The two Umbilical Veins fuse early to form a single trunk in the body-stalk, but remain separate within the embryo and pass forward to the sinus venosus in the side walls of the body. Like the vitelline veins, their direct connection with the sinus venosus becomes interrupted by the developing liver, and thus at this stage the whole of the blood from the yolk-sac and placenta passes through the substance of the liver before it reaches the heart. The right umbilical and right vitelline veins shrivel and disappear; the left umbilical, on the other hand, becomes enlarged and opens into the upper venous ring of the vitelline veins; with the atrophy of the yolk-sac the left vitelline vein also undergoes atrophy and disappears. Finally a direct branch is established between this ring and the right hepatic vein; this branch is named the ductus venosus, and, enlarging rapidly, it forms a wide channel through which most of the blood, returned from the placenta, is carried direct to the heart without passing through the liver. A small proportion of the blood from the placenta is, however, conveyed from the left umbilical vein to the liver through the left vena advehens. The left umbilical vein and the ductus venosus undergo atrophy and obliteration after birth, and form respectively the ligamentum teres and ligamentum venosum of the liver.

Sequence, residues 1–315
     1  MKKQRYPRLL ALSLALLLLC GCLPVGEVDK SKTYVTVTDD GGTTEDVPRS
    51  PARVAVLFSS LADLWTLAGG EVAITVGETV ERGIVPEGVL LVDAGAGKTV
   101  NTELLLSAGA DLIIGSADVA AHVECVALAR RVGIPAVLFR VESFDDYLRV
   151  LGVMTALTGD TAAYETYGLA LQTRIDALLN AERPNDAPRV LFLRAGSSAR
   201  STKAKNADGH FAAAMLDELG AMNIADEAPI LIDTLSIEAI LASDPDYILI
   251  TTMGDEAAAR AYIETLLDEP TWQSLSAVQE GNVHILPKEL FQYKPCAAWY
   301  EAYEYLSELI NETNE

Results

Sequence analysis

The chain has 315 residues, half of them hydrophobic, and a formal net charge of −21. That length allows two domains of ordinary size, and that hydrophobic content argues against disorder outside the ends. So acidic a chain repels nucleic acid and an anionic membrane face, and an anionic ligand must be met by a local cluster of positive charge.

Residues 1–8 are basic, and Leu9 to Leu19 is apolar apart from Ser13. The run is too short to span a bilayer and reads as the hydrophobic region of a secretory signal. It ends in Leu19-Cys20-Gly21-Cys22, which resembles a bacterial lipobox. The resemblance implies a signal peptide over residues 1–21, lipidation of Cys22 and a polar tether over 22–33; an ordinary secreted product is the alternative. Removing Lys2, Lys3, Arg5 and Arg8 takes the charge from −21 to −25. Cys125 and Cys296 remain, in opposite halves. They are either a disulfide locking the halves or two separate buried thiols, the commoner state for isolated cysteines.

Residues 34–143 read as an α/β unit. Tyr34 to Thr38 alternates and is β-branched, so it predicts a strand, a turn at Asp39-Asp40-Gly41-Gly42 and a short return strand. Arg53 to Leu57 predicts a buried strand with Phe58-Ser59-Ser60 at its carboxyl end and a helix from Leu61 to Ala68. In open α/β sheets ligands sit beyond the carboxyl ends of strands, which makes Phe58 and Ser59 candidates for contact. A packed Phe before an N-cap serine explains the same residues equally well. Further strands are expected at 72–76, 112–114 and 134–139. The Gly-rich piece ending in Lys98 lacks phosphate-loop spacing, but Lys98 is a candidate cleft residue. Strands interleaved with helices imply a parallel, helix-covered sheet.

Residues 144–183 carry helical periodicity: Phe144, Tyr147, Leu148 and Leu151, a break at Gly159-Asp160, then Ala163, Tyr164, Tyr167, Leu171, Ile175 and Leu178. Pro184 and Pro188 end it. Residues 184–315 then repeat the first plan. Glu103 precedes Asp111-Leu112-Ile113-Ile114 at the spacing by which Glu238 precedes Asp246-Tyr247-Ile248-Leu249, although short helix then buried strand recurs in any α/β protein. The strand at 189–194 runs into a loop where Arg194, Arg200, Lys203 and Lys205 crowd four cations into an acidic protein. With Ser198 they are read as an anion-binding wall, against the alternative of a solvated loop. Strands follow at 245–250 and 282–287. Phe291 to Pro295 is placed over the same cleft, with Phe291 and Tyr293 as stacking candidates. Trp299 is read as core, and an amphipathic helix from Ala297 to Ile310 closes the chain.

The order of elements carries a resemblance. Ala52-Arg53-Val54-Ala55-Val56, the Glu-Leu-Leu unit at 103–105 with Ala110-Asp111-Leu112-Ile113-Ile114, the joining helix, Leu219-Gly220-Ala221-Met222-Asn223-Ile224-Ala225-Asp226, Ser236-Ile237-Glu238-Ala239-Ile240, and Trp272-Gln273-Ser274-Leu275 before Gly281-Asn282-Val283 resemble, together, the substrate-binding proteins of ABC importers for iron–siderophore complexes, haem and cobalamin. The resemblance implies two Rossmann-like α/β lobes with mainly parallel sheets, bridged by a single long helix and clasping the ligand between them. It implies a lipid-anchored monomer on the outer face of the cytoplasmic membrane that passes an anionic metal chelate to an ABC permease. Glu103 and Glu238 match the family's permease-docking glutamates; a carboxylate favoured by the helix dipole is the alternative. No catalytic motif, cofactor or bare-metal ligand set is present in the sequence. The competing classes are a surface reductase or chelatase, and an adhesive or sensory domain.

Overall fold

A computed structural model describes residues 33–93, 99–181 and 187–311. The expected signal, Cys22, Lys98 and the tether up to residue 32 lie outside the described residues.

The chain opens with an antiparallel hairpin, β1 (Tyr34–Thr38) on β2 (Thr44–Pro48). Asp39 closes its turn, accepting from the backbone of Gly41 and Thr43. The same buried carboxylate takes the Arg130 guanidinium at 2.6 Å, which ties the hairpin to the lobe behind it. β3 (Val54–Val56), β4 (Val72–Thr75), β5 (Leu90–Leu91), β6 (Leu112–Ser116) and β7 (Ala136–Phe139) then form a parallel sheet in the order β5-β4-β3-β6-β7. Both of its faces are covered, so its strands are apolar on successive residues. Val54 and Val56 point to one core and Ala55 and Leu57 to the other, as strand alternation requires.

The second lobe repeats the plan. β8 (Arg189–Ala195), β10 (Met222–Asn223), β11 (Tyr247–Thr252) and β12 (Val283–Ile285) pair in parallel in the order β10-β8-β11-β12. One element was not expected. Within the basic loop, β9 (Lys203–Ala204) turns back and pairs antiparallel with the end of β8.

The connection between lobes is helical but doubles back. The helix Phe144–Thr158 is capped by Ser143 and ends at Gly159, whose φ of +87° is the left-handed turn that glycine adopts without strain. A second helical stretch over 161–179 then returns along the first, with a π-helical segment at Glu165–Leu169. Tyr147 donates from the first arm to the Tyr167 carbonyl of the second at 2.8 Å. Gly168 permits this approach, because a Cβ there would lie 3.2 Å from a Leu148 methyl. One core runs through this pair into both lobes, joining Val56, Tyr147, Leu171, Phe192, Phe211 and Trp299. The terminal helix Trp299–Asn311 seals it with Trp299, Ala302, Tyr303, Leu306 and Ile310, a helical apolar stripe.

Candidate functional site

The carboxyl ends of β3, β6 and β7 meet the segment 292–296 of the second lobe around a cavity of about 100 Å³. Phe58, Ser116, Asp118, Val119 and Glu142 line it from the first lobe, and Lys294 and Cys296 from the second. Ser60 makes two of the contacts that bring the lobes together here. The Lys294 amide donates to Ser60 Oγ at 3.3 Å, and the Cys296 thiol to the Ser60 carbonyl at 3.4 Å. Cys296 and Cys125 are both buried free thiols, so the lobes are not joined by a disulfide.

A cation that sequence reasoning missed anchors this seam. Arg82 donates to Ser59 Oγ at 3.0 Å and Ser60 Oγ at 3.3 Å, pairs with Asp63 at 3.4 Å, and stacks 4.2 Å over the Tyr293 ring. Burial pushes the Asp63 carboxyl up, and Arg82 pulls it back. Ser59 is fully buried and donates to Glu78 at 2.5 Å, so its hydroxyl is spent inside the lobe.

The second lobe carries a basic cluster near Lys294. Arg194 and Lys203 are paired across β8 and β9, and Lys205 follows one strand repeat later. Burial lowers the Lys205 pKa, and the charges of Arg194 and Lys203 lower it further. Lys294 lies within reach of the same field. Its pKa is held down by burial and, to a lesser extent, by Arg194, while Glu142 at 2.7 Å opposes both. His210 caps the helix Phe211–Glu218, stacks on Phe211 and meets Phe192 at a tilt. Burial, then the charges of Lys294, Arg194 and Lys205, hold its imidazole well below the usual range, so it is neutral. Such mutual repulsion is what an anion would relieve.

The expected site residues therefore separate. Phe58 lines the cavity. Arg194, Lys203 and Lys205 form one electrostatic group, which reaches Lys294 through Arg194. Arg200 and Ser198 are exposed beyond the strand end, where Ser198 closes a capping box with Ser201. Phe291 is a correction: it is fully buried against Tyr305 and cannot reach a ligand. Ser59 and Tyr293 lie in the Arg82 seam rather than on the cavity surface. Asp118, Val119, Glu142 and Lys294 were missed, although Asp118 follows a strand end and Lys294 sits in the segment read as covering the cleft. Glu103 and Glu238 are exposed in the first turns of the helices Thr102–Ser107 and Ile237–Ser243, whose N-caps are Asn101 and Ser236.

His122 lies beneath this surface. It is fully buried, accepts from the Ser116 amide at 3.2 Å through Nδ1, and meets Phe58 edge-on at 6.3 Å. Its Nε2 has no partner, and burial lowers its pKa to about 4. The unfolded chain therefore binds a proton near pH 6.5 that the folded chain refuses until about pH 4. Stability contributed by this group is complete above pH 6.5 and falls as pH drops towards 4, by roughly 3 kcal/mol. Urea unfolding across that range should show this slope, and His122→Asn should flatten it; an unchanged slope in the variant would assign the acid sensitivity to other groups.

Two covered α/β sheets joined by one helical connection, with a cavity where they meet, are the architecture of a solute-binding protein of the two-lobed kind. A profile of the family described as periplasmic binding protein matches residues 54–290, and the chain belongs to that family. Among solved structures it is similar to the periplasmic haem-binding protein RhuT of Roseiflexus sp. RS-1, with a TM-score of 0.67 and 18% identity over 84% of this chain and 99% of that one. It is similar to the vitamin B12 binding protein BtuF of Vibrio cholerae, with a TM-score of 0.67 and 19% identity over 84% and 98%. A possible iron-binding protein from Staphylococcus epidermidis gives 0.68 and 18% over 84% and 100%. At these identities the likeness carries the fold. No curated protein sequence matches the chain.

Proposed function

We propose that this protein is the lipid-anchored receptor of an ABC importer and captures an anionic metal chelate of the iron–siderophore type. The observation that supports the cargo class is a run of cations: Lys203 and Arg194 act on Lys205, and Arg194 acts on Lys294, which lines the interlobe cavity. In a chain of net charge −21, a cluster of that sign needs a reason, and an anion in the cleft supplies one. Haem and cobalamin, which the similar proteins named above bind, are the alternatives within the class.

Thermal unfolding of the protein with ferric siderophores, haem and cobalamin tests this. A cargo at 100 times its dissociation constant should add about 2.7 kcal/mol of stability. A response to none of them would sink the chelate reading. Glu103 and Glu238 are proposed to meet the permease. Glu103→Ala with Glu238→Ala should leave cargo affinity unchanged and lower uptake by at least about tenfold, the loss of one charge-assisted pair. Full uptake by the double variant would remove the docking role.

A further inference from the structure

The Parietal Veins.—The first indication of a parietal system consists in the appearance of two short transverse veins, the ducts of Cuvier, which open, one on either side, into the sinus venosus. Each of these ducts receives an ascending and descending vein. The ascending veins return the blood from the parietes of the trunk and from the Wolffian bodies, and are called cardinal veins. The descending veins return the blood from the head, and are called primitive jugular veins (Fig. 477). The blood from the lower limbs is collected by the right and left iliac and hypogastric veins, which, in the earlier stages of development, open into the corresponding right and left cardinal veins; later, a transverse branch (the left common iliac vein) is developed between the lower parts of the two cardinal veins (Fig. 479), and through this the blood is carried into the right cardinal vein. The portion of the left cardinal vein below the left renal vein atrophies and disappears up to the point of entrance of the left spermatic vein; the portion above the left renal vein persists as the hemiazygos and accessory hemiazygos veins and the lower portion of the highest left intercostal vein. The right cardinal vein which now receives the blood from both lower extremities, forms a large venous trunk along the posterior abdominal wall; up to the level of the renal veins it forms the lower part of the inferior vena cava. Above the level of the renal veins the right cardinal vein persists as the azygos vein and receives the right intercostal veins, while the hemiazygos veins are brought into communication with it by the development of transverse branches in front of the vertebral column (Figs. 479, 480)
FIG. 477– Scheme of arrangement of parietal veins.
FIG. 478– Scheme showing early stages of development of the inferior vena cava.
FIG. 479– Diagram showing development of main cross branches between jugulars and between cardinals.
FIG. 480– Diagram showing completion of development of the parietal veins.